Pacific Island Global Climate Observing System basic instrument project: High quality tipping bucket raingauges

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Monday, 30 January 2006: 2:00 PM
Pacific Island Global Climate Observing System basic instrument project: High quality tipping bucket raingauges
A412 (Georgia World Congress Center)
Mark L. Morrissey, Univ. of Oklahoma, Norman, OK; and D. Solofa, R. Pulehetoa, J. Napat, Faanunu, and S. Postawko

The Pacific Island Global Climate Observing System (PI-GCOS), a component of the GCOS world wide program, is striving to implement several objectives outlined in the PI-GCOS action plan. One of these projects is for the enhancement and expansion of basic climate observations to be taken throughout the Pacific, particularly on remote islands. Given the Pacific's vastness and the countries' limited capacity to manually operate a sustainable climate network, a pilot project was recently completed using very high quality tipping bucket raingauges installed with HOBO data loggers. These gauges were designed, built, and calibrated in collaboration with the University of Oklahoma and the METONE Instrument Corporation.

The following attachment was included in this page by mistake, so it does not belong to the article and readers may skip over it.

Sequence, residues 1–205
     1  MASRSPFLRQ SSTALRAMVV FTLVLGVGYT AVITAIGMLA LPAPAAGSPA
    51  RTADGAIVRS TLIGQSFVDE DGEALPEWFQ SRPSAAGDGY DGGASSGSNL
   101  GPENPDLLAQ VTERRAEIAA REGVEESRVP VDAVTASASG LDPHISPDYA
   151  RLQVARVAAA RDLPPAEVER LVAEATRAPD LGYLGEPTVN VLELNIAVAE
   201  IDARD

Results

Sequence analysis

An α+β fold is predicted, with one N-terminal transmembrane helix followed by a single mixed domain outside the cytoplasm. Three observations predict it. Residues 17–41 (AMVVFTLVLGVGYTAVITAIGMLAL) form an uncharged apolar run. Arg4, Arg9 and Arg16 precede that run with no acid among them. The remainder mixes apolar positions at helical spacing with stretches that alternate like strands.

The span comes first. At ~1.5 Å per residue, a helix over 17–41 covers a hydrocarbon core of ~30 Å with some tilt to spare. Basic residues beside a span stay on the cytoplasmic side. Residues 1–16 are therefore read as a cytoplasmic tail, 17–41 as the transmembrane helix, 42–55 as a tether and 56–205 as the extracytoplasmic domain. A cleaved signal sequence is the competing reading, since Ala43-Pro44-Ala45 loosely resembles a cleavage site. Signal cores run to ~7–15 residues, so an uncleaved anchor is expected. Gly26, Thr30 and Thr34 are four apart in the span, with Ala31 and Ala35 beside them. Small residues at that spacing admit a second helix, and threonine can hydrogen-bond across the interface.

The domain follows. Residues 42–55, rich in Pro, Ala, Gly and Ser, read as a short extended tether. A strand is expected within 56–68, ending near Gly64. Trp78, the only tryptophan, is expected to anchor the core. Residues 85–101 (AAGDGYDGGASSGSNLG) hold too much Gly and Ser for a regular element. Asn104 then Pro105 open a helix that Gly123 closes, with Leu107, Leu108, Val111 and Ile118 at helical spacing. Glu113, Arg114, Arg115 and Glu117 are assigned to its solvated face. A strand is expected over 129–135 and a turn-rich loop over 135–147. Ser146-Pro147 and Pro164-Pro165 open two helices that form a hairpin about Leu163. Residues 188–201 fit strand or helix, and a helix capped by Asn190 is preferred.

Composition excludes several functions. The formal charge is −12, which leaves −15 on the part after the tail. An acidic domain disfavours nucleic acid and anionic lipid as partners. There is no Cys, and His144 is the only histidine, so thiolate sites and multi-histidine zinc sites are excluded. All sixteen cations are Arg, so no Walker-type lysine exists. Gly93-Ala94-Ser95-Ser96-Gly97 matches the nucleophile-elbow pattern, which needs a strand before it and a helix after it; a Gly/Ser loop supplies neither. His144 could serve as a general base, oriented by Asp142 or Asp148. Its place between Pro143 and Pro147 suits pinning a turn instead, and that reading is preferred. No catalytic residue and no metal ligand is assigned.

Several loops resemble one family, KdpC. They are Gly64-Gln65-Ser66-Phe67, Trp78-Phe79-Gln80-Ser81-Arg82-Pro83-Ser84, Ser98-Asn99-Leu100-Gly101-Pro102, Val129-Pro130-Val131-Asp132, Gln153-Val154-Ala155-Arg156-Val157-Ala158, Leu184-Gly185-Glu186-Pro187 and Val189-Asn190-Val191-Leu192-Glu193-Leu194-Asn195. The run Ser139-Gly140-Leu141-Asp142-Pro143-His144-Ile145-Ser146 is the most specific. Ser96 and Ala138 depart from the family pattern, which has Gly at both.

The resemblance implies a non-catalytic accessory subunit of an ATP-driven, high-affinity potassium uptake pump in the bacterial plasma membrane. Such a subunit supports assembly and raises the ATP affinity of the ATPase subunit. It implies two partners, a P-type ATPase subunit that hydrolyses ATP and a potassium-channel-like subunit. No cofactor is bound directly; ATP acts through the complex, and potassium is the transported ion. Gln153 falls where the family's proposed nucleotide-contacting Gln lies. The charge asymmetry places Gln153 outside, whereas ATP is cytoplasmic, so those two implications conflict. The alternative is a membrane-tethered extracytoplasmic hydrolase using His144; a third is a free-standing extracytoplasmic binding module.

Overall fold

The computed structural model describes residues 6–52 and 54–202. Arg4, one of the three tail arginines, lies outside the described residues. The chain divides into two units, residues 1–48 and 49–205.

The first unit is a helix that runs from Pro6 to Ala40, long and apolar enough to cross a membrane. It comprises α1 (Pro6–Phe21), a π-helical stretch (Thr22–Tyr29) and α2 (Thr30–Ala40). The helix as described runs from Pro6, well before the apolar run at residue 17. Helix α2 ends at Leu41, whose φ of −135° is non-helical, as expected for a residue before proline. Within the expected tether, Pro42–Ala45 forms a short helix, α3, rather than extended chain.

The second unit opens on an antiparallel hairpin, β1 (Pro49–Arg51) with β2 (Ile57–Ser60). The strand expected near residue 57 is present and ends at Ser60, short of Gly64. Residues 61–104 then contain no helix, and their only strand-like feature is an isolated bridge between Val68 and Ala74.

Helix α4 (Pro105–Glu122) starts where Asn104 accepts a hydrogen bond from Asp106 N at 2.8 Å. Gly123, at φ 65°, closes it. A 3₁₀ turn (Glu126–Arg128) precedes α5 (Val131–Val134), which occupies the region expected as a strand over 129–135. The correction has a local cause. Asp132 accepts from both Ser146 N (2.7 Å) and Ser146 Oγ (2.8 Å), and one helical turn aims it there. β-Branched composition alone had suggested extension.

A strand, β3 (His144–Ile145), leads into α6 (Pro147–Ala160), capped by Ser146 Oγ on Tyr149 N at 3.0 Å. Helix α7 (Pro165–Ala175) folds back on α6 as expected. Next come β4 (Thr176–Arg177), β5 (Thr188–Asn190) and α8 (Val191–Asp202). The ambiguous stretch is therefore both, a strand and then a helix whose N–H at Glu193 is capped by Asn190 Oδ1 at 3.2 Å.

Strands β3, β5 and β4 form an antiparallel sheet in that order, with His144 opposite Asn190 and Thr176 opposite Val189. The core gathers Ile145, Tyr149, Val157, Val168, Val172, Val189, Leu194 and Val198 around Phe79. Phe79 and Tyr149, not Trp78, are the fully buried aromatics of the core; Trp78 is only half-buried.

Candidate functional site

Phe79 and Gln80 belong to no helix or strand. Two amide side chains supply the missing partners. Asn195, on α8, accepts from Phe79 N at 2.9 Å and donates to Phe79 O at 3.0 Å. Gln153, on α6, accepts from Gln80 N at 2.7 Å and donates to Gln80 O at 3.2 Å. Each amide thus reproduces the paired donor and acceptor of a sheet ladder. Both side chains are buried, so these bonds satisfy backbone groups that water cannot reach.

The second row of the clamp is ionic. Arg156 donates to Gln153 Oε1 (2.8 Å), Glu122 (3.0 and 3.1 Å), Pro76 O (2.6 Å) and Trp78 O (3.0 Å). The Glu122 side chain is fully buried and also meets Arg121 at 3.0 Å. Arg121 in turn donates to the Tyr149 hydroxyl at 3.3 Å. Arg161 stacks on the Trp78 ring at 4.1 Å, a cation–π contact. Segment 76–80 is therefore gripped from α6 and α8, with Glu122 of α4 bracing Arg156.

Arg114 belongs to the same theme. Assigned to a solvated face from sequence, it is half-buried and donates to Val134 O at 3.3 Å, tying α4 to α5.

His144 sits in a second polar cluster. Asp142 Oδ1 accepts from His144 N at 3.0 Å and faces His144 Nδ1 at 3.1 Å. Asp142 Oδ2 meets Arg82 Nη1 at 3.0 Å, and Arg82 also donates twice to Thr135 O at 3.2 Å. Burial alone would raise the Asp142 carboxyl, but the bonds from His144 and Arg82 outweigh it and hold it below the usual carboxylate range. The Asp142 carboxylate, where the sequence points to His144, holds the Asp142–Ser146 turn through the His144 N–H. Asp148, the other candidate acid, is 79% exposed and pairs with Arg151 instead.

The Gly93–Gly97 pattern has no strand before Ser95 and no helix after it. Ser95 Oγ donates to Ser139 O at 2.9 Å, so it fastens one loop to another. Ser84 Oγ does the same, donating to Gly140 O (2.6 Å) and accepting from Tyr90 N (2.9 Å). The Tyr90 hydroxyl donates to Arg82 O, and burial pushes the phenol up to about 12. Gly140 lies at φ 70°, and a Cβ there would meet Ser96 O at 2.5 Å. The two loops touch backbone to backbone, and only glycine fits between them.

Eight gauges have been installed and are operating in the countries of Niue, Samoa, Tonga, and Vanuatu. The instruments and data gathered are the property of the respective countries' meteorological service. The project is being carried out by climate officers from these same meteorological services.

To test the accuracy and reliability of these gauges, manual-read 4-inch gauges have been set up within a 15-foot radius of the tipping bucket gauge, and at the same height. The tips are recorded and converted into daily rainfall that is then compared to the manual gauges.

The result of nearly a year's worth of data show that the 12-inch tipping gauges match very well with the manual gauges, with the exception of periods of extremely high rain events. During these events, the tipping buckets indicate higher rain amounts than the manual gauges. In some locations there are two manual gauges located near the tipping bucket gauge. During high rainfall rates, the two manual gauge measurements are nearly identical.

Due to the pilot project's success, 55 additional tipping gauges will be distributed to these and other Pacific Island countries on an as-needed basis. This project is being funded by the US National Oceanic and Atmospheric Administration and managed in collaboration with the New Zealand Meteorological Service PI-GCOS Technical Support Project (i.e. PI-GCOS TSP), the Pacific Island meteorological services, the University of Oklahoma and the Secretariat for the Pacific Regional Environmental Programme.